It was very clear that if one health care practitioner in a particular discipline could not help a patient, another one in that discipline could. The backgrounds and training of the health care practitioners were completely different. Why should I have been surprised? Isn’t the same true for Dentistry? All dentists are not alike. The majority of dentists cannot save teeth that graduates of the ONWARD program can. ONWARD graduates do not share mainstream paradigms and techniques, so they are able to accomplish what most dentists think is impossible.
As a caretaker, I think it is important that dentists learn as much as they can about dental specialists in their areas. I always strive to discover the best dental specialists in my area. I want to work with the best orthodontists, endodontists, periodontists, TMJ/pain control specialists and oral surgeons. My diagnostic evaluation of patients often includes consultation with these specialists so that I can deliver the best information to them.
I think it is equally important that dentists strive to learn about adjunctive health care therapies and find the best practitioners of these disciplines in their vicinity. It is not unusual for a patient to ask his or her dentist for health care advice that lies within the realm of healthcare outside of dentistry.
One of my very best friends here in Arizona—Esther Zack–has a condition called spasmodic dysphonia or laryngeal dystonia. This disorder affects the voice muscles in the larynx. In spasmodic dysphonia, the muscles inside the vocal folds spasm and make sudden, involuntary movements. This spasm causes voice breaks during speaking and can make the voice appear strained, breathy or trembling (vocal tremor). It is a chronic condition that can develop suddenly, start with mild symptoms, and worsen over time. People with spasmodic dysphonia can develop traumatic scars from the inability to communicate and can retreat inward with poor quality of life.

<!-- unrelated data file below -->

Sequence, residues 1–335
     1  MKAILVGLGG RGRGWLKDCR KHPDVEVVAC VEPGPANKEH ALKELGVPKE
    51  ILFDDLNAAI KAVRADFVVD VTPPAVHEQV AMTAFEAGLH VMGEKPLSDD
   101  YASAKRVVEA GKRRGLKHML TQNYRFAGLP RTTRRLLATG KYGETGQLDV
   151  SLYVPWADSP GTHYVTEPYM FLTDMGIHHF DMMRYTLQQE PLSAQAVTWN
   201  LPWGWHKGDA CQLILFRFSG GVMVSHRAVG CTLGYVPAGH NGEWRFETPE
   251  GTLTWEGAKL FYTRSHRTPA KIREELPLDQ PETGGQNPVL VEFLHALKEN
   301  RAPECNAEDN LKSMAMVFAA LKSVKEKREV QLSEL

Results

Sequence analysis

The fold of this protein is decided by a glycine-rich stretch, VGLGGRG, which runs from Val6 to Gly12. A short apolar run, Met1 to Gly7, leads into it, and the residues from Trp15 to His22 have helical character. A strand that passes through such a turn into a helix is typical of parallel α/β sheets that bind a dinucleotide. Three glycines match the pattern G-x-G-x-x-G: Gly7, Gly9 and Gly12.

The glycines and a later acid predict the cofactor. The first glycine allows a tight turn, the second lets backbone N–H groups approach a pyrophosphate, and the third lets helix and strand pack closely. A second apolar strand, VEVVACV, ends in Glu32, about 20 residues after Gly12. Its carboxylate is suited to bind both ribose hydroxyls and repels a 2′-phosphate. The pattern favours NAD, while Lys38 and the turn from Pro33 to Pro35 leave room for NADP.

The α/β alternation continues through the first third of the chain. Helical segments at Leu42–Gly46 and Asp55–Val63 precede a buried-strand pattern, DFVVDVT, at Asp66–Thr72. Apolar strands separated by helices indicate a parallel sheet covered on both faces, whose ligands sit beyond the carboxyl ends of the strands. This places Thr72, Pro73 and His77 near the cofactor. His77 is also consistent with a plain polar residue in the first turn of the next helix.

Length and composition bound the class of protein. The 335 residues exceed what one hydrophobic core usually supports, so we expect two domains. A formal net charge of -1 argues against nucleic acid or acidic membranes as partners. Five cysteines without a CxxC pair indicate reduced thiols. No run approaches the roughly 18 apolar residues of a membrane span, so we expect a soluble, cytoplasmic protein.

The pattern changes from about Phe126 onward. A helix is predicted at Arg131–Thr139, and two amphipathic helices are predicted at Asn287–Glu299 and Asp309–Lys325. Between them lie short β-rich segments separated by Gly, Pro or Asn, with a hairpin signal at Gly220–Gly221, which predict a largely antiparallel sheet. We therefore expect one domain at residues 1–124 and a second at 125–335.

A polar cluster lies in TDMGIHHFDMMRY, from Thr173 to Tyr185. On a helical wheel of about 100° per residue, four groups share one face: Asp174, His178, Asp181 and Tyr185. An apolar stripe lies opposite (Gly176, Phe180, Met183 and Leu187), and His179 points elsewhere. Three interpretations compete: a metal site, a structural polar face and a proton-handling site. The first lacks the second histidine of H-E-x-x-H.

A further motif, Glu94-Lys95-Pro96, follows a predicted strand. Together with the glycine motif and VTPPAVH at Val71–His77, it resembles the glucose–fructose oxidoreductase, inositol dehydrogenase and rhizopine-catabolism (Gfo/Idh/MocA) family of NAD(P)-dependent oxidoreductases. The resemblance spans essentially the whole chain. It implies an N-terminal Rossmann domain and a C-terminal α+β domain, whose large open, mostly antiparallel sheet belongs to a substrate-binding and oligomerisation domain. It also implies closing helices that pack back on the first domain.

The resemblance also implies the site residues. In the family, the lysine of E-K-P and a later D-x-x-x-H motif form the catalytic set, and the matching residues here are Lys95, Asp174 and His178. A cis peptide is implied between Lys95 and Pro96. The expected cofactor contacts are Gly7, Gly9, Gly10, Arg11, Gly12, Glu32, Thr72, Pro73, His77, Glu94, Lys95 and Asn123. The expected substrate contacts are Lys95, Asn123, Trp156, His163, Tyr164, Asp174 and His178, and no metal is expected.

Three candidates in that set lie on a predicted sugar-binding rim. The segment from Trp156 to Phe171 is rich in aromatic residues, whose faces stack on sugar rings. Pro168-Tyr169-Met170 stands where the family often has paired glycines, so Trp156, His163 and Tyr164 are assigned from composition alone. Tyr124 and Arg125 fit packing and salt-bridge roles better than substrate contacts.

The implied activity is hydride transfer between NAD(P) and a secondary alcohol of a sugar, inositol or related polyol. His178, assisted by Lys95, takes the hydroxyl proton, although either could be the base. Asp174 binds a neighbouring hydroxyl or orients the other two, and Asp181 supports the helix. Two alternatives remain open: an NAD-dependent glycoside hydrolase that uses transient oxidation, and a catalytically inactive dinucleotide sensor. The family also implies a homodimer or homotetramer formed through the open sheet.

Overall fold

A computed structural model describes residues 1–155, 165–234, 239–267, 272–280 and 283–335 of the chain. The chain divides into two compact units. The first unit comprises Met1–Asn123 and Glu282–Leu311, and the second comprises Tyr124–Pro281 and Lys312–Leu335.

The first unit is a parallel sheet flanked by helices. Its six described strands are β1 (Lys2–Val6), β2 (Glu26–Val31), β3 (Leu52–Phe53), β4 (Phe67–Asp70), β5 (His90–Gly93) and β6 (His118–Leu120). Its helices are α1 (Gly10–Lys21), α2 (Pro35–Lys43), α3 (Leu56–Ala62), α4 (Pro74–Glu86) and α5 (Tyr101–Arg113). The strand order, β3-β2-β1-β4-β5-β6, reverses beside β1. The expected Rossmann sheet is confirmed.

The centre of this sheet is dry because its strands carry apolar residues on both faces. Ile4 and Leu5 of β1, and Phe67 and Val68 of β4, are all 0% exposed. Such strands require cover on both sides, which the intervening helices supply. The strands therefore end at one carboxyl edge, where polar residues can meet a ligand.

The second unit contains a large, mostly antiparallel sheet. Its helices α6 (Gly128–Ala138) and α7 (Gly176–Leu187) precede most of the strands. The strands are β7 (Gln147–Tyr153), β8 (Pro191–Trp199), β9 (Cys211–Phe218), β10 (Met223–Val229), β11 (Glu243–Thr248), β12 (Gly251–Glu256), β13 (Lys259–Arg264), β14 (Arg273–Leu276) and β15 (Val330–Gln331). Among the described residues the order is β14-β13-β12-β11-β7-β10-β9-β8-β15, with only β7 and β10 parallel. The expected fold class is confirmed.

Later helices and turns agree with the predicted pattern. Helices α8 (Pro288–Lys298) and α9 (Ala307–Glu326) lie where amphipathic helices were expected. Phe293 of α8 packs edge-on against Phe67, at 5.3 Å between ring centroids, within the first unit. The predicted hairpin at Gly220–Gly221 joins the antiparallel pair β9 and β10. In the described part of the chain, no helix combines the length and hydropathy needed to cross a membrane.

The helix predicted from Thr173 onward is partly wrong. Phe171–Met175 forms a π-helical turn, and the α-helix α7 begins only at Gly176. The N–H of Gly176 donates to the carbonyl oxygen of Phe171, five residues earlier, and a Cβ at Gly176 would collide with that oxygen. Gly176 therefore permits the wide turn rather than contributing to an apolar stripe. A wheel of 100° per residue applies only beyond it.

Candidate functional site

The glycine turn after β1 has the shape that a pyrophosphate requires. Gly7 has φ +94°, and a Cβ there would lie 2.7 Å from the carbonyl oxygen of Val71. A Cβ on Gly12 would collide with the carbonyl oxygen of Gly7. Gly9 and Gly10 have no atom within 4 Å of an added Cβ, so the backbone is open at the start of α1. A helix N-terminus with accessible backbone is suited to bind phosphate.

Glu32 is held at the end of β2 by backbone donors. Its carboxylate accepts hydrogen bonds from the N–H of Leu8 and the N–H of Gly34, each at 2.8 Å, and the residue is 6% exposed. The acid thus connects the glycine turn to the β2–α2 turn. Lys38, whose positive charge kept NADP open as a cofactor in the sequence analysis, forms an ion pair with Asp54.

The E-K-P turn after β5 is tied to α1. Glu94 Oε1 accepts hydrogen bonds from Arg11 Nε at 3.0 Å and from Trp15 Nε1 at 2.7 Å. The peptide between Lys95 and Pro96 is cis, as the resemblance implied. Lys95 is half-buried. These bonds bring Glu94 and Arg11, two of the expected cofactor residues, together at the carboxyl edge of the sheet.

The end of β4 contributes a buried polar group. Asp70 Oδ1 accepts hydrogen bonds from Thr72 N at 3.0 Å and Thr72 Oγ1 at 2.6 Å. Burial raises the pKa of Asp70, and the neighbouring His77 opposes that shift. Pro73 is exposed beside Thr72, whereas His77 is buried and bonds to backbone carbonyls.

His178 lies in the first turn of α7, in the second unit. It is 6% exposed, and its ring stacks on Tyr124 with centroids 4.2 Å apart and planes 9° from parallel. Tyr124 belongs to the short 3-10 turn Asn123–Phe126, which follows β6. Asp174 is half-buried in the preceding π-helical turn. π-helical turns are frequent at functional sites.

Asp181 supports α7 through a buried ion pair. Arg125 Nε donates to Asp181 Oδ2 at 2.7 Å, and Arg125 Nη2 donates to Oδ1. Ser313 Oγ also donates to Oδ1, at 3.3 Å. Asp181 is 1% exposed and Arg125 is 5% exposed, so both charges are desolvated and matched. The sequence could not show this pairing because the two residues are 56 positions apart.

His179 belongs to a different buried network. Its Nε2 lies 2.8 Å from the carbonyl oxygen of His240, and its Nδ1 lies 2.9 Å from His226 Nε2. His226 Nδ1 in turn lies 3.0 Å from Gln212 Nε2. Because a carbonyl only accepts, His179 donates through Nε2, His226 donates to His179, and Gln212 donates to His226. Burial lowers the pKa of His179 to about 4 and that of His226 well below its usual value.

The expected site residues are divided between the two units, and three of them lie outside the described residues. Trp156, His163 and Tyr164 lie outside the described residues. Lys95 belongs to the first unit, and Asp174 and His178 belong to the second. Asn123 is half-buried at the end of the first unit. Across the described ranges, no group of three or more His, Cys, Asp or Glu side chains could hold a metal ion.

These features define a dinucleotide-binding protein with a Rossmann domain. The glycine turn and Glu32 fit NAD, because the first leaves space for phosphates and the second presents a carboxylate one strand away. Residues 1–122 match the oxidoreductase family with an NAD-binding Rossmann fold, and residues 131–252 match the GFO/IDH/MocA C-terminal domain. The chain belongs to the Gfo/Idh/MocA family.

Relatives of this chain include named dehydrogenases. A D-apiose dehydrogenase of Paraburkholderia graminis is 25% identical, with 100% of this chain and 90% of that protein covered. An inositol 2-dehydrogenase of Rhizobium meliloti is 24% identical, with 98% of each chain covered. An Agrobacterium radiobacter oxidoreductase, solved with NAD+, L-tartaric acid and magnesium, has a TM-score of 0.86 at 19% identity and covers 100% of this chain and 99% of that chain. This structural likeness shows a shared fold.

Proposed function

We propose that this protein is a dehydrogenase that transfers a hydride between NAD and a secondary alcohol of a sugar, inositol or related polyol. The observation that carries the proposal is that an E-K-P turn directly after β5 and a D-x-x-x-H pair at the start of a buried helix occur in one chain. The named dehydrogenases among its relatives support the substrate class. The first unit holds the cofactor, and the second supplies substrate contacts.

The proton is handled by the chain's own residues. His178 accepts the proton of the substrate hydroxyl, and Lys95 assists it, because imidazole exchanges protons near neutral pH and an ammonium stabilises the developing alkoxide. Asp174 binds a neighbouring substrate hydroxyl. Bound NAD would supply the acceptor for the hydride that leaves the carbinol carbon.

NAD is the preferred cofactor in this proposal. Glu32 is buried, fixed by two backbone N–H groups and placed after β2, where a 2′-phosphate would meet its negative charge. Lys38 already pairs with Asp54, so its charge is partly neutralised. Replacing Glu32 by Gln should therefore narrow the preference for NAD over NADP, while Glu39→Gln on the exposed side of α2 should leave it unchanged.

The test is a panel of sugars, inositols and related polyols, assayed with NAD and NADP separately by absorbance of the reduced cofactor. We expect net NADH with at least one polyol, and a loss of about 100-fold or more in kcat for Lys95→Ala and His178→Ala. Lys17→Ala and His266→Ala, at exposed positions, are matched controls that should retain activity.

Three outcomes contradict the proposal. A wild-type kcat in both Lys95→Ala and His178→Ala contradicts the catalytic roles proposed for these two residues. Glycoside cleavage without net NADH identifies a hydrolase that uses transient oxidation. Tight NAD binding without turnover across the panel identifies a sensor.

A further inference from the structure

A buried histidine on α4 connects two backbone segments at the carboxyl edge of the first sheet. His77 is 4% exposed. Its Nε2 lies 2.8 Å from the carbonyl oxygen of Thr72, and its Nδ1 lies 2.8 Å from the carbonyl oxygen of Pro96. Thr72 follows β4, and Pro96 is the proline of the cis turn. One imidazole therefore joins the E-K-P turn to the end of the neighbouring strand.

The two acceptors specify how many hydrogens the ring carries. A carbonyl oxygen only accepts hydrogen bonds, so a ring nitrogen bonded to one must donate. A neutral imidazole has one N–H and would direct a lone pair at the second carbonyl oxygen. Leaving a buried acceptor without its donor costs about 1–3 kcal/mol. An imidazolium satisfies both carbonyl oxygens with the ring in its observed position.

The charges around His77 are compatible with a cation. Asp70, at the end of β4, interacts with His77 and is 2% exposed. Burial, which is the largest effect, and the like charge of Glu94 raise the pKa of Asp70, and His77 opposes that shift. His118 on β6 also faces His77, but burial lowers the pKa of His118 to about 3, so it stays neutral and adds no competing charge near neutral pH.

Like me, I’d be willing to bet that most dentists don’t know anything about voice disorders. However, I have met other people with this condition (including patients!) and never knew it had a name, much less how it is treated. If someone were to ask my advice about treating spasmodic dysphonia, I would have been a deer in the headlights.
I learned from Esther that people with dysphonia should seek relief by visiting neurologists, consulting with speech language pathologists, taking up Tai Chi and joining support groups. Both the Mayo Clinic and Banner Health have excellent programs available to patients with voice conditions here in Arizona. Esther is excited about two new surgeries that have delivered promising results—one in LA and one in Japan. Dysphonia International, a 501 (c)3 organization dedicated to “improving the lives of people affected by spasmodic dysphonia and related voice conditions through research, education, awareness and support” has a great deal of information for individuals who need to know more. In addition, the organization supports important research that is being conducted in the search for cures. (www.dysphonia.org).